Cognicity challenge canary wharf smart city
The Cognicity Challenge is a pioneering project aiming to accelerate the development of the "world's leading smart city".Cognicity

A major new initiative to encourage the development of smart cities technologies has been launched by Canary Wharf Group.

The Cognicity Challenge will see companies and startups involved in the development of smart cities compete across six categories, with the most promising companies offered the opportunity to pilot their technologies within the Canary Wharf estate.

"The launch of this ambitious series of international competitions is an important milestone in delivering our future vision for Canary Wharf as one of the world's most technologically-advanced and innovative destinations," said Sir George Lacobescu, chairman and CEO of Canary Wharf Group.

"Canary Wharf was the original smart city in London (and) we want to continue this evolutinoary process to become a globally-renowned smart cities innovation cluster."

The initiative was announced on Tuesday at Level 39 in Canary Wharf, and 36 successful applicants will move in to Europe's largest fin tech accelerator in Early 2015 for a 12-week accelerator programme.

Applications open today in the six categories, which include 'sustainable buildings', 'integrated transportation', connected home', 'virtual design and construction', 'integrated resource management' and 'automated building management'.

Smart London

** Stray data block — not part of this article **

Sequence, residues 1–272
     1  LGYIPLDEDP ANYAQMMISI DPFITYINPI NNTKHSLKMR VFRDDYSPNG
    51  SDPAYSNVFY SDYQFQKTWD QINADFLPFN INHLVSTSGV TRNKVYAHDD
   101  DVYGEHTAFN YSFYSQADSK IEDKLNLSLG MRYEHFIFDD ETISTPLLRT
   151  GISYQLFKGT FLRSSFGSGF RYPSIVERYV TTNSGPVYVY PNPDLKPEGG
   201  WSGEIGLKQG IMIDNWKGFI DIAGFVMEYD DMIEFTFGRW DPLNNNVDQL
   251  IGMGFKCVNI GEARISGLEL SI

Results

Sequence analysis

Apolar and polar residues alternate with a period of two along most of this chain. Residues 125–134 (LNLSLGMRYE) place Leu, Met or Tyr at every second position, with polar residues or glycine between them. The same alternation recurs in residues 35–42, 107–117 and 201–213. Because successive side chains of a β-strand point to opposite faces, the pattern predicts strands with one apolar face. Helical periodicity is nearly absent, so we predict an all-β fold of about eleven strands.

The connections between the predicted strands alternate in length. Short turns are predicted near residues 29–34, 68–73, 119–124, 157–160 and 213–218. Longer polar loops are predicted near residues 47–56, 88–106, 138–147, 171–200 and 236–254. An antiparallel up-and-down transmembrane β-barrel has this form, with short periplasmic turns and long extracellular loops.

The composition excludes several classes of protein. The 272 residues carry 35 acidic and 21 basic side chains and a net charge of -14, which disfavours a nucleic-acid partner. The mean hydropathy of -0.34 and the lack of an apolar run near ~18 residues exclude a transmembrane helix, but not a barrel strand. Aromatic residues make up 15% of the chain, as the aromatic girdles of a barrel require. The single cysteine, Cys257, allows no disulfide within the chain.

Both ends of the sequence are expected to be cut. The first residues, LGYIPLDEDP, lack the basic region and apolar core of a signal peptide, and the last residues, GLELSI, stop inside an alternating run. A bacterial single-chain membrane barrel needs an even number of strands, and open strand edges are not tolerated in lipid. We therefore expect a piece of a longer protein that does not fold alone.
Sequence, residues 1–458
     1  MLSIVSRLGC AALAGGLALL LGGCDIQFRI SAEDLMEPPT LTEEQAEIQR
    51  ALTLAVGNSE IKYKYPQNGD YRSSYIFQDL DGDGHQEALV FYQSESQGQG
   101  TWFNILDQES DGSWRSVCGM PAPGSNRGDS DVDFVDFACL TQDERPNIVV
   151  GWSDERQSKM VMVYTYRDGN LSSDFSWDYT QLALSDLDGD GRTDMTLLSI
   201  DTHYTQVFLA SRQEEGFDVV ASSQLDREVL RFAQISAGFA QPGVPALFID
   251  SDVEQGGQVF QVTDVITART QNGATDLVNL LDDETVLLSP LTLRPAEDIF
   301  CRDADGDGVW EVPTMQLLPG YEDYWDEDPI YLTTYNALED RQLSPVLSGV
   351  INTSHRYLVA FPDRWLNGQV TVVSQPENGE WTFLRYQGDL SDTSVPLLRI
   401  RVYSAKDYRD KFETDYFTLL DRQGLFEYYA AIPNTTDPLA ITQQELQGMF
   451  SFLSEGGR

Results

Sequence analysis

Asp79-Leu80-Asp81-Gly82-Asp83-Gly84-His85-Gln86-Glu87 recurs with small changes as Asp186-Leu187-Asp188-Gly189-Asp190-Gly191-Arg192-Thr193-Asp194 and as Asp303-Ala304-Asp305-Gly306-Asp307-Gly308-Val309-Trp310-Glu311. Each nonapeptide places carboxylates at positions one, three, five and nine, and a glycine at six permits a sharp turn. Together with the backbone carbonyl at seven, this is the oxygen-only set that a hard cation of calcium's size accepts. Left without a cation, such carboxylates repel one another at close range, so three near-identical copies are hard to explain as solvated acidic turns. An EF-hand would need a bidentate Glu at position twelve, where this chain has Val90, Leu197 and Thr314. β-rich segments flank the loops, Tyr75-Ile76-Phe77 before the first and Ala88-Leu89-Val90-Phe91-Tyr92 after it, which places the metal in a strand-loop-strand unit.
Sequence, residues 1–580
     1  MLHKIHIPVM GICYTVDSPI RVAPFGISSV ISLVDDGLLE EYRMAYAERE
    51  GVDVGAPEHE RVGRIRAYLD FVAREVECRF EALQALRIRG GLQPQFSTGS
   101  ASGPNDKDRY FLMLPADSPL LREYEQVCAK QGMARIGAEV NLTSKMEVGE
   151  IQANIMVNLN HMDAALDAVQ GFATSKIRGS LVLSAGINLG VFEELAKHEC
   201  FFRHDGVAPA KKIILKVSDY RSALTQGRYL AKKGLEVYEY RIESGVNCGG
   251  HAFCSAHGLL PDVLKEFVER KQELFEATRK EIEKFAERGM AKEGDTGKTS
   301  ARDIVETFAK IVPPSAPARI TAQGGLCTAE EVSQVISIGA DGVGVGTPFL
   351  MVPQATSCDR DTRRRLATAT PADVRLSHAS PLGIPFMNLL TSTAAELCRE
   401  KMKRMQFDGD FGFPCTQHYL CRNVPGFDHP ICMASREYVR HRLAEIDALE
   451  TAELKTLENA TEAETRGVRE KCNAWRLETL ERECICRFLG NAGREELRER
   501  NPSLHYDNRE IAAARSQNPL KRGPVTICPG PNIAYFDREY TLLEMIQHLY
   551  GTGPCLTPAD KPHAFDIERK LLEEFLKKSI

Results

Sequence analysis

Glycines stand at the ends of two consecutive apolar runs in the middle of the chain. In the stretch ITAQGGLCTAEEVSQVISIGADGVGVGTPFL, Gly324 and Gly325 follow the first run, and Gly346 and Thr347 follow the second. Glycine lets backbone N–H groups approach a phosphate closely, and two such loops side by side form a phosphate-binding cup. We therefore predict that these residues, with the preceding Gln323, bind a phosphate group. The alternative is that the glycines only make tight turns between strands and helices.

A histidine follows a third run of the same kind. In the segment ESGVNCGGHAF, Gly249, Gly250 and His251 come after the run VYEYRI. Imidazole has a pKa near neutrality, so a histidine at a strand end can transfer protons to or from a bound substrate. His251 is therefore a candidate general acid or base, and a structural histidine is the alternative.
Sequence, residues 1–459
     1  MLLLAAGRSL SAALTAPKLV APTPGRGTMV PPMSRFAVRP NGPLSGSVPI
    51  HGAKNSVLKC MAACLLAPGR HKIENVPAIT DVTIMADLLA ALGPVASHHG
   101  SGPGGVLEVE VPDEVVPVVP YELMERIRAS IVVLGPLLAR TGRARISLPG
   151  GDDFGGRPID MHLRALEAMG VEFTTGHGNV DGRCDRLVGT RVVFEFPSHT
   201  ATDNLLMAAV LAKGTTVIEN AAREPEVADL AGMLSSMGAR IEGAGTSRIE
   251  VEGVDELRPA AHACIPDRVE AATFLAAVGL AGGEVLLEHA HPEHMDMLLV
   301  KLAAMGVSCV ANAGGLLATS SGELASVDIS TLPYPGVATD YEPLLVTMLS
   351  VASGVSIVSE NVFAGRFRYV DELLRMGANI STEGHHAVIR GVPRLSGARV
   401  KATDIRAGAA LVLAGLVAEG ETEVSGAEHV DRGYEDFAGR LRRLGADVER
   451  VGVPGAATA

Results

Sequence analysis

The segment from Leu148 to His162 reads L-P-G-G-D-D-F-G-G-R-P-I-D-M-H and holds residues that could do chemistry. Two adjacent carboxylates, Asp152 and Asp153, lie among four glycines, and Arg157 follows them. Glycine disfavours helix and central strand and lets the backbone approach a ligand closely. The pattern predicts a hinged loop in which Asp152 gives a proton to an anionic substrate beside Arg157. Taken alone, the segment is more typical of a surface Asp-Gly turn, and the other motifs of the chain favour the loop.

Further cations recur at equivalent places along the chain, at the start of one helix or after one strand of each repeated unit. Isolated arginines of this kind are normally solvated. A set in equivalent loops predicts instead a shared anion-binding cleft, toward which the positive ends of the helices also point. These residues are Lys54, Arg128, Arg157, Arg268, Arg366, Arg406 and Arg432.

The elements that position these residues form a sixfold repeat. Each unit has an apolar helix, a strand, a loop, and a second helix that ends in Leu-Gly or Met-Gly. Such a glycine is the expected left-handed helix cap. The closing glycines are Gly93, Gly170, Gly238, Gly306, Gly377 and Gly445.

Mayor of London Boris Johnson first announced his Smart London Plan last year, established with the intention of using new technologies to "serve London and improve Londoner's lives".

Smart technologies have since been introduced and trialled in London, including a smart parking system in Westminster that alerts drivers to free parking spaces through a smartphone app linked to ground sensors

Earlier this year, it was announced that London would become the first city in the world to introduce SCOOT, an "intelligent" pedestrian crossings intended to manage busy crowds at pedestrian crossings.

Other trials announced include wirelessly charged hybrid buses that are capable of recharging their batteries while waiting at a bus stop, and free public Wi-Fi on London buses.

"Four in five people in the UK live in towns and cities, so it is crucial that Government and industry continues to support businesses developing new technology that will improve the quality of life in these areas," said Ed Vaizey, Minister for the Digital Economy.

"The Cognicity Challenge launched today aims to help talented tech companies to develop revolutionary new solutions to the challenges facing modern cities (and) provide these companies with an enourmaous city-scale testing ground here in the UK in which to pilot their ideas."